1864: “Our Terrible Civil War”

Near Wilmington, 13 Oct. 1864

…You refer to our terrible civil war. I wish so much we could talk it over together—the subject is too vast to attempt even to allude to it in the brief space of a letter. We feel here how little the subject is understood in Europe, because our political institutions have never been comprehended there. One sentiment across the water seems quite pervasive and I perceive you share in it, viz., that we cannot be a united people again. Why should we be an exception to the world’s history and to your own history in this respect? Is there bad blood between England and Scotland now? Is not Ireland united with you? How is it across the Channel? Has Louis Napoleon more devoted adherents than in Brittany? Your historians tell us there was a dead body or wounded man in every hamlet in La Vendee during the civil war that desolated in that country—where the forests were burned in order to extinguish the last haunts of the opposition…

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1864: “That’s The Alabama”

June 19th: 1864: Battle

Off the land twelve miles. The morning is thick and hazy. The shore is scarcely distinguishable. There is all the preparations being made for our Sabbath Day devotions. Inspection at quarters at ten o’clock after which we are all waiting to hear the Church bell till. At ten minutes after ten the fore top man at the mast head sang out – Steamer under the land! Standing out! That’s the Alabama, said the quarter master. We were all anxious to catch a glimpse of her before going into battle. The bell sounded fire quarters and the boys were to be seen tumbling down the forecastle ladders – fore rigging Jacob’s Ladders & c trying who could be first at their quarters. She was coming straight out for us and we were all ready for the conflict in just three minutes. Decks sanded down. Batteries cast loose and manned. Magazines opened & all reported ready. Go ahead fast, said the Captain. The Alabama was now about two miles distant and coming on fast. Lay down! Every man, said the Captain, and down we all lay flat on the deck. And now as I lay down not knowing how soon I might be killed or maimed for life I thought of home and how I had been neglected by those who should have been all in all to me…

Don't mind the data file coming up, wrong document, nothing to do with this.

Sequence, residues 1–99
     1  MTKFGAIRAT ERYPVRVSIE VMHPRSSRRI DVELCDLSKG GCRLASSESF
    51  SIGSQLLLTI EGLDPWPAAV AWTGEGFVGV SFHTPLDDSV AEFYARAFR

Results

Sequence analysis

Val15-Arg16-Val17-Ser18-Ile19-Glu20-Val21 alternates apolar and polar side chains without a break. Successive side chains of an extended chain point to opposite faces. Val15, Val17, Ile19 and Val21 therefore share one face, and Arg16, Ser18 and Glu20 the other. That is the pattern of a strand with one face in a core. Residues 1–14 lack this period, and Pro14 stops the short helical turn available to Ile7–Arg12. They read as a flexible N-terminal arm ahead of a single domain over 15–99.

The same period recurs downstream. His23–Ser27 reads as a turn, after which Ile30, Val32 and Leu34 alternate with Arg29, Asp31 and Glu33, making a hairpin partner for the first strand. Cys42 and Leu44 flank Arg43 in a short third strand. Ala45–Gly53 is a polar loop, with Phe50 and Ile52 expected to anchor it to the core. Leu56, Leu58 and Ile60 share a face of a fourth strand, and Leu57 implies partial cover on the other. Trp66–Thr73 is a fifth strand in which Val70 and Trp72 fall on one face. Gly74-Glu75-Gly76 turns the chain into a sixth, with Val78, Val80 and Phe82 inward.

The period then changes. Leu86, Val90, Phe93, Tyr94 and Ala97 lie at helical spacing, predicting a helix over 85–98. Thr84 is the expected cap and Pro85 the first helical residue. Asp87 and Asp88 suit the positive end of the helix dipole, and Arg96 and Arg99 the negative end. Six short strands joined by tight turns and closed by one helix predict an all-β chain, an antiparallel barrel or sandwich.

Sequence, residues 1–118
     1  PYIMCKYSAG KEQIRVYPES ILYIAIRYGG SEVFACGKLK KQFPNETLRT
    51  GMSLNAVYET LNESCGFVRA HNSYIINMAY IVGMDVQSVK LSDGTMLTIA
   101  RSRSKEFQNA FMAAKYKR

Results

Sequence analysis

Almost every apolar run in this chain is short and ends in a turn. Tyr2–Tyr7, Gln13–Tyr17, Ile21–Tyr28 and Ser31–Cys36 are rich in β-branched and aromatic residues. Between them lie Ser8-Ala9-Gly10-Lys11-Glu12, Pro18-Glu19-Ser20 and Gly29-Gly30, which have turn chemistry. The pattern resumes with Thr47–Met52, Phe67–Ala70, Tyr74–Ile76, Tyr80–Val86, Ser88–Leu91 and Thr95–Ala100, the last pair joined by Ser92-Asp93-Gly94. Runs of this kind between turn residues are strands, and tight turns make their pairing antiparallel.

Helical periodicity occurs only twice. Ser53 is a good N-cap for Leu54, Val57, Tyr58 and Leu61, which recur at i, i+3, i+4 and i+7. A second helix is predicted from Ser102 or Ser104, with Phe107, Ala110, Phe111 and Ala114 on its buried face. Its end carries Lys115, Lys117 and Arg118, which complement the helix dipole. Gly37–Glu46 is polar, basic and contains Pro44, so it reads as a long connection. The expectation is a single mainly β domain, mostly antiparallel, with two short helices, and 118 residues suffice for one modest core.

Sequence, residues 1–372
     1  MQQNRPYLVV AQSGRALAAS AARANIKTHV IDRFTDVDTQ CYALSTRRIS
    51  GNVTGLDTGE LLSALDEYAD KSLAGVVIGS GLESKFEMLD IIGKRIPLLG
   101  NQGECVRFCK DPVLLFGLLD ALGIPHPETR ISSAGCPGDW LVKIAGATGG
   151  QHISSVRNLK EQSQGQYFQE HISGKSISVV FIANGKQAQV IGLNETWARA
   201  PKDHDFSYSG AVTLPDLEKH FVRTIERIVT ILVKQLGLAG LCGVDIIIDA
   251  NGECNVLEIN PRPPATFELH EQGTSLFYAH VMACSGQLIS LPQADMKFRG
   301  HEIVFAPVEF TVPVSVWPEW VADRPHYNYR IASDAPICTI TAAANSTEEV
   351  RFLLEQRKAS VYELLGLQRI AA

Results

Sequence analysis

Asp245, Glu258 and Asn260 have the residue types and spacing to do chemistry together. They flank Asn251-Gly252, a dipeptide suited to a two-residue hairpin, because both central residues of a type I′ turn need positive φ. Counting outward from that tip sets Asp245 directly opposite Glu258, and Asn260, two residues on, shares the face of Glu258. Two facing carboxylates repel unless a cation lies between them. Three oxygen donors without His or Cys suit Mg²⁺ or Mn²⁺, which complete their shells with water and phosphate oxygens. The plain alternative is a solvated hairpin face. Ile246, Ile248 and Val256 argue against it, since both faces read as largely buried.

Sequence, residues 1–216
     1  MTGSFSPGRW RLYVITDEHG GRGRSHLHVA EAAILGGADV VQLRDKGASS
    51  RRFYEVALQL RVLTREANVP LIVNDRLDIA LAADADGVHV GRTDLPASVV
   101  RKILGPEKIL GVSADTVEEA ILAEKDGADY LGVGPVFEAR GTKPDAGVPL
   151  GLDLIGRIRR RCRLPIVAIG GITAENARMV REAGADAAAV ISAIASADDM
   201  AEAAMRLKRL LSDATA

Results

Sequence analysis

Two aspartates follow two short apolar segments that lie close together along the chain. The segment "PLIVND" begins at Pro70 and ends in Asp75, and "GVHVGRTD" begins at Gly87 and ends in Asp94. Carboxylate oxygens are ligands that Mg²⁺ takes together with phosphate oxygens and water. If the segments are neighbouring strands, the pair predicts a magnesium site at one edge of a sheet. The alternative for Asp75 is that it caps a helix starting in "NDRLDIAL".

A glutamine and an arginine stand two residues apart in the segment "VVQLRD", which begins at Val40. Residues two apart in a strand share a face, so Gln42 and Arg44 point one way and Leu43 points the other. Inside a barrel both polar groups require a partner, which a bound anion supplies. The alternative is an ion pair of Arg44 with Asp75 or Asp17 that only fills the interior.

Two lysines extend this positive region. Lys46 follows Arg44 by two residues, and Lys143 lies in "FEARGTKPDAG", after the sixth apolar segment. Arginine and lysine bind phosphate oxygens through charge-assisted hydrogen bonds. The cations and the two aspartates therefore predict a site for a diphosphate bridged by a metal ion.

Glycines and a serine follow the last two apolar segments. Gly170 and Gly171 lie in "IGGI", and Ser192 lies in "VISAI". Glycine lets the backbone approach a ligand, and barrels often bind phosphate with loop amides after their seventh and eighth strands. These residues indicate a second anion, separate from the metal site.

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1861: “We Shall Depend On Ourselves”

Gazette665 Blog Series 1861: In Their Words

Richmond, November 18, 1861

…Feeling that such views must be taken by the neutral nations of the earth, I have caused the evidence to be collected which proves completely the utter inefficiency of the proclaimed blockade of our coast, and shall direct it to be laid before such governments as shall afford us the means of being heard. But, although we should be benefited by the enforcement for the successful prosecution of the war.

As long as hostilities continue the Confederate States will exhibit a steadily increasing capacity to furnish their troops with food, clothing, and arms. If they should be forced to forego many of the luxuries and some of the comforts of life, they will at least have the consolation of knowing that they are thus daily becoming more and more independent of the rest of the world. If in this process labor in the Confederate States should be gradually diverted from those great Southern staples which have given life to so much of the commerce of mankind into other channels, so as to make them rival producers instead of profitable customers, they will not be the only or even the chief losers by this change in the direction of their industry. Continue reading